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22 thoughts on “What Screen Time Does to Our Kids (and What We Can Do About It)”

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  1. We are gearing up for our first babies arrival, and are already talking about how we can keep our household ‘tech light.’ We don’t watch much TV, haven’t had cable in years, but we both are on our phones quite a bit. Once little man is here we are going to try to reserve our phone time for after his bed time, and continue to never use phones while eating, or when talking to each other/having people over.

  2. The other ticking bomb is the circadian disruption due to the bright and blue light at night.

    With cell and wifi device, people need to draw their own conclusions about the RF hazards. Suppose that the energy doesn’t need to be ionizing to be a cancer risk.

  3. We try to cut off electronics by 9pm. Break out the board games!

  4. Ours was the crazy family with no tv when our kids were small. I’ve never regretted it, & my kids have actually thanked me for it. Yes, our house was messier than many, full of books, building sets, science projects & art materials, often a fine haze of play dough & glitter everywhere… it was worth it.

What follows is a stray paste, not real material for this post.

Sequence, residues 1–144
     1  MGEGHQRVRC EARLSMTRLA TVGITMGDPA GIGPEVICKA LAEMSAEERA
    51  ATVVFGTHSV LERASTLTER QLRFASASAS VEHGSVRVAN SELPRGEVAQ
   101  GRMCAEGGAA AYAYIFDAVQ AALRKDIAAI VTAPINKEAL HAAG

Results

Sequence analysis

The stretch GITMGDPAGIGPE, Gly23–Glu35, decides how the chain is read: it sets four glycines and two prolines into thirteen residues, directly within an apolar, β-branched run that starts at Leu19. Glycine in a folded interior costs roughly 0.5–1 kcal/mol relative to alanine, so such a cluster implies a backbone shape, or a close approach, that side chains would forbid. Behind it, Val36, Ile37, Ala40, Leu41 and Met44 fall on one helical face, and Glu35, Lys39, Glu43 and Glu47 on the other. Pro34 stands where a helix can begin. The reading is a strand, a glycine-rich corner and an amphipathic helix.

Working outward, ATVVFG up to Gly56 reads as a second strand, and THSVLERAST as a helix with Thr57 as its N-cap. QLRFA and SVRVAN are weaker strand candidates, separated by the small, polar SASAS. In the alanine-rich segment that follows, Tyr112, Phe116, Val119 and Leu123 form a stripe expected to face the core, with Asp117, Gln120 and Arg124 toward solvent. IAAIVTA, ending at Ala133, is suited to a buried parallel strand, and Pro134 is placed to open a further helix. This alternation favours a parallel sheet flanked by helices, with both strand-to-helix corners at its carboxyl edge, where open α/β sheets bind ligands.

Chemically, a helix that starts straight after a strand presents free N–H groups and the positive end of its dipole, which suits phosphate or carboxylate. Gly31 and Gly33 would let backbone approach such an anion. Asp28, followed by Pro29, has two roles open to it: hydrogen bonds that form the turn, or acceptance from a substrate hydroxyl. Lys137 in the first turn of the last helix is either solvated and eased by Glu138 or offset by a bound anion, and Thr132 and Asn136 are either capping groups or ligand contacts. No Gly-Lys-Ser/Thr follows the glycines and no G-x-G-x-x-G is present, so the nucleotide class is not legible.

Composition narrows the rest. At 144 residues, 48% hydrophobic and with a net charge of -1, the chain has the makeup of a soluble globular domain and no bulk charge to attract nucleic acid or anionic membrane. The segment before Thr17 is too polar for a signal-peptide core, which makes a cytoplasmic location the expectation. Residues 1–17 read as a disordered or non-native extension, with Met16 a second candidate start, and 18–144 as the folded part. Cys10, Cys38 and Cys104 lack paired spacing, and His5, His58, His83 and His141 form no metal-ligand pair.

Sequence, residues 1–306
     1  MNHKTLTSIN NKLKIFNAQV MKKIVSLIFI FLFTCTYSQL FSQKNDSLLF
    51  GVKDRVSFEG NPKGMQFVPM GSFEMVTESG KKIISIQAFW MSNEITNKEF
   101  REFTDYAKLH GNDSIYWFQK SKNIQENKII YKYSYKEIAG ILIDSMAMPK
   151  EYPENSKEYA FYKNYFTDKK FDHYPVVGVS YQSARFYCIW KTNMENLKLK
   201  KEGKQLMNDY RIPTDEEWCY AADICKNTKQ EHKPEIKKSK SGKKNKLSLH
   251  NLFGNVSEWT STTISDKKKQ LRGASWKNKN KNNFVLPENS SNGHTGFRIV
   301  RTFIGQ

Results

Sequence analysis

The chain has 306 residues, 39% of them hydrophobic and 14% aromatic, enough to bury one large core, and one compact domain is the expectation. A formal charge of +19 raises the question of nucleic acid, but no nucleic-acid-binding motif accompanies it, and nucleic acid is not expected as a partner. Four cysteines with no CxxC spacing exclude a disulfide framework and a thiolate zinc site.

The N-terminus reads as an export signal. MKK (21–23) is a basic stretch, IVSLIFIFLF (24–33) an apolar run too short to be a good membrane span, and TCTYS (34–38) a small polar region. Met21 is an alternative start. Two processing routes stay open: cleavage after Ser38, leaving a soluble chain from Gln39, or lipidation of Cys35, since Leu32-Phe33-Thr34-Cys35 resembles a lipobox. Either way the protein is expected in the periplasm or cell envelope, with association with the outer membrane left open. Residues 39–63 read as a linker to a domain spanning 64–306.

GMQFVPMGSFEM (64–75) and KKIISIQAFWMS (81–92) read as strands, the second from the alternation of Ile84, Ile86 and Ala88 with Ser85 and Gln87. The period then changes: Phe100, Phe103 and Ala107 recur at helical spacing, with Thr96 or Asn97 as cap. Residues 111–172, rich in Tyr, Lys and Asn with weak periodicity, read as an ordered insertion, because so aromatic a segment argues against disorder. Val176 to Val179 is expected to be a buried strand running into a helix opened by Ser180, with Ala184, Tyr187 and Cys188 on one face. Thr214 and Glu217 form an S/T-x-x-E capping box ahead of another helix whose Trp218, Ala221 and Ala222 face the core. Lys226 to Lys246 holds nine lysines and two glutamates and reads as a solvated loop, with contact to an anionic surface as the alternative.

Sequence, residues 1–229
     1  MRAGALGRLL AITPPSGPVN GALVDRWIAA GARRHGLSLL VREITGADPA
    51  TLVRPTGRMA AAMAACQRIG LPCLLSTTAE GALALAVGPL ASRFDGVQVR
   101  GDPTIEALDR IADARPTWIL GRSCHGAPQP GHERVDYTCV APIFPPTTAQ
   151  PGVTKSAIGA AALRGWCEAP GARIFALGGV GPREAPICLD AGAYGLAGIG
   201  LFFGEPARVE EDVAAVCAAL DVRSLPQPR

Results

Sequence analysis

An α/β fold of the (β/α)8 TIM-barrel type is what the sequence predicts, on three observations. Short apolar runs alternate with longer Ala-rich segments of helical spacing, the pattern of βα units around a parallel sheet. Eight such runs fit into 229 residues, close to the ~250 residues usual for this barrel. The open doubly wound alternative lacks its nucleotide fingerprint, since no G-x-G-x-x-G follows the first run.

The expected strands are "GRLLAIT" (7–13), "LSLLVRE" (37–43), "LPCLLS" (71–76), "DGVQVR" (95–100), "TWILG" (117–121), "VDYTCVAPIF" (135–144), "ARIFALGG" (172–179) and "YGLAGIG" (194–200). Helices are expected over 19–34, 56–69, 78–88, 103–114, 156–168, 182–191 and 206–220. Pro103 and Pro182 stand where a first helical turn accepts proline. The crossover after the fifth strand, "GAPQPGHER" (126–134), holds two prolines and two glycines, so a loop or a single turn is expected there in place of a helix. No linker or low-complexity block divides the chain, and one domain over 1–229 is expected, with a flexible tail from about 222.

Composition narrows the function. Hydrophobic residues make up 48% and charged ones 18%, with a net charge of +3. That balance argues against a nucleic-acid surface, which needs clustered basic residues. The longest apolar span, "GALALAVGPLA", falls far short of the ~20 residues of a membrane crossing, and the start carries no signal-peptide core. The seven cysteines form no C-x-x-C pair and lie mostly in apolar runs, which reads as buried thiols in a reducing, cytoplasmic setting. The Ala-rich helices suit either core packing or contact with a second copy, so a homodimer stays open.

I’m not a Luddite by any means but I deeply believe true creativity & learning come from hands-on experience.

  5. Great post! Thanks for this timely (for my family) article. I just said to my husband this morning that the screen time is getting out of control in our household. Thanks for the empowerment and the ammunition to set some limits!

  6. The other day I saw that a study has shown that violent computer games contribute to aggression in people. (Wow, who didn’t already know that?) The same could be said for violent TV shows, a few of which appear to be nothing more than training manuals for wannabe serial killers.

    On the other side of the coin, however, not all kids have an addictive interest in electronic devices but it’s certainly something parents need to watch for and monitor accordingly. I don’t think a genuine creative interest in the electronics modality itself should be stifled.

  7. Screen time is like fat. There’s good fat, and bad fat. Every watch two kids in the same room playing minecraft together on their ipads? It’s fun, creative, engaging, and social. That being said, this is a problem and the solution falls squarely on the parents. I always cringe when I see parents in restaurants, on the street, wherever, staring at their phone and ignoring their kids. Mark is dead on that you can’t just limit screen time without providing alternatives, especially in the awkward bridge periods when there isn’t enough time to do something more significant, or when everyone is burnt out from an active day and just wants to chill out. In my house that’s generally a time for cards, chess, backgammon, sword fighting, slacklining, or reading, and parent participation is critical here. The way I look at it, those times are a win/win. It takes both child and parent out of their daily flow and into a mutually beneficial experience. Two hard rules that work: 1) Max 21 hours per week of electronics. 2) Any resistance to putting away a device on request means that the device gets locked away for a minimum of 24 hours.